Monday Morning Coming Down

Inside the Kensington Homeless Demonstrations in Philadelphia

On Thursday, the Kensington Welfare Rights Union had tried to set up Bushville in an abandoned lot next to the Al-Aqsa Islamic Society, in an area known as Germantown. As Honkala and her group hunkered down, they were approached by a group of Muslims who said they had purchased the property from the city. "I just felt they had somebody politically moving on them," Honkala said. "They said that they needed the property for parking the next morning, for prayer, and that [they expected] about 500 cars to park on that lot." She said she "pleaded" with Muslims. "Cried. You name it. They said that they had to go pray, and that they would get back to me once they were done praying. They went in and they prayed and came out and said that we had to move. Didn't even give us till the next morning. I was absolutely devastated. Generally, people who make decisions on a spiritual basis are very embracing of the poor."

Honkala suspected that her political enemies were pulling strings. But who? "Most of the men couldn't look me in the eye," she contended. "I was just saying, 'Please, can we have till tomorrow morning? Can we have a day? We're tired; its gonna start pouring rain. Let these babies and these mothers stay here.' We'd just unloaded an entire truck and we were beginning to get people in from around the country. We didn't have any money to put people up anywhere."

The Muslims were unmoved. In a statement, the Al-Aqsa Islamic Society said it asked the Kensington Welfare Rights Union to get off land they insist they own partly because the activists never contacted them about their plans. In addition, they said, the occupation would have disrupted Friday prayer. In the statement, the Muslims said: "The lot where the Union was planning to camp for several days is an area not suitable for such purposes; specifically, no sanitation exists. The safety of the participants in this camp cannot be guaranteed. Al-Aqsa Islamic Society is committed to our neighbors, and we were concerned that the KWRU was going to turn this into a media circus with noise and other disturbance." Honkala said she was "saddened" by the response, yet "strengthened by the fact that people, no matter how tired they were, had worked all night long to reconstruct all of this stuff. That's the thing that gave me real inspiration."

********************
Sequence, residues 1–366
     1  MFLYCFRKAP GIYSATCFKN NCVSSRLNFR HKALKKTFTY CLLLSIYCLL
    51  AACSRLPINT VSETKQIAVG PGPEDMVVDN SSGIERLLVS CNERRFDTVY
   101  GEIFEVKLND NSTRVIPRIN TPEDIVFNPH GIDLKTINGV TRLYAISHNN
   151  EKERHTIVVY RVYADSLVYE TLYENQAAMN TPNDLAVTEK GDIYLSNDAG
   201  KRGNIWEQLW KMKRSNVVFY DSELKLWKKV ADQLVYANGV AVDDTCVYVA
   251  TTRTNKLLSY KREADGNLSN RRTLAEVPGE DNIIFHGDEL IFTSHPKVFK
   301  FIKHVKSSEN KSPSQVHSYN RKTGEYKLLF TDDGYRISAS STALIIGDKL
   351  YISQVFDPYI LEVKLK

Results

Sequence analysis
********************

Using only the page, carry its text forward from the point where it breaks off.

Across the street from the mosque is Restaurante Seniorial Poncero, which opened about a month ago. Tony, one of the owners, who is Puerto Rican, said he would have allowed the squatters to stay. "They're human beings," he affirmed. Asked if the Muslims objected to his restaurant, which sells chuletas (pork chops), he responded angrily, "They can't object to us! We're licensed! Everything is legal." Having the squatters and the accompanying press as customers would have put Tony's restaurant on the map. "Exactly!" he lamented. "It surely would have. But it's something that you have to accept."

After the activists were booted from the lot, they moved to a location on nearby Randolph Street. "People have been coming from all over the neighborhood," Honkala noted. "And the people who were right across the street—who saw us being evicted from the lot—came over here, bringing water and donations and stuff for us."

Getting back to the march, Honkala reflected, "Almost every day, somebody from the police department has been meeting with us, telling us that they would give us the option to walk on the sidewalk, but then they use different people to indirectly threaten us by saying that they'll mess with our encampment if we don't decide to walk on the sidewalk." She said she rebuffed the cops and everyone else, advising them that she and her followers would risk arrest.

"We think we have an opportunity, for once—for one moment in time—to talk to 15,000 reporters who could believe that people feel strongly enough about an issue that they're willing to walk up Broad Street and let the whole world know that poverty exists in this country." Her voice breaking, she paused, as if not wanting to imagine what would happen to the poor people of Bushville after the Republicans leave Philadelphia. "We know that after the convention is over, poor people are gonna go back to being 'Disappeared in America', " she warned. "America is not talking about the majority of us, who have not benefited from this economic boom."

Honkala also responded to Grace Grasty's fears about her children being on the frontline. "We're gonna be swarmed," Honkala pointed out. "They're gonna ask, 'Aren't you putting your children in danger?' What we've been saying is, 'No! The danger is the fact that our children have to grow up in a country that doesn't give a damn if they live in the streets. Doesn't give a damn if they have health care, and doesn't give a damn if they eat! We love our children so much that we are going to march.' "

As for the Philadelphia cops, Honkala advised the demonstrators not to trust them. Echoing Gertrude Stein, her voice rose as she declared, "I was always taught that a cop is a cop is a cop. We will appreciate it if you would not speak with the officers."

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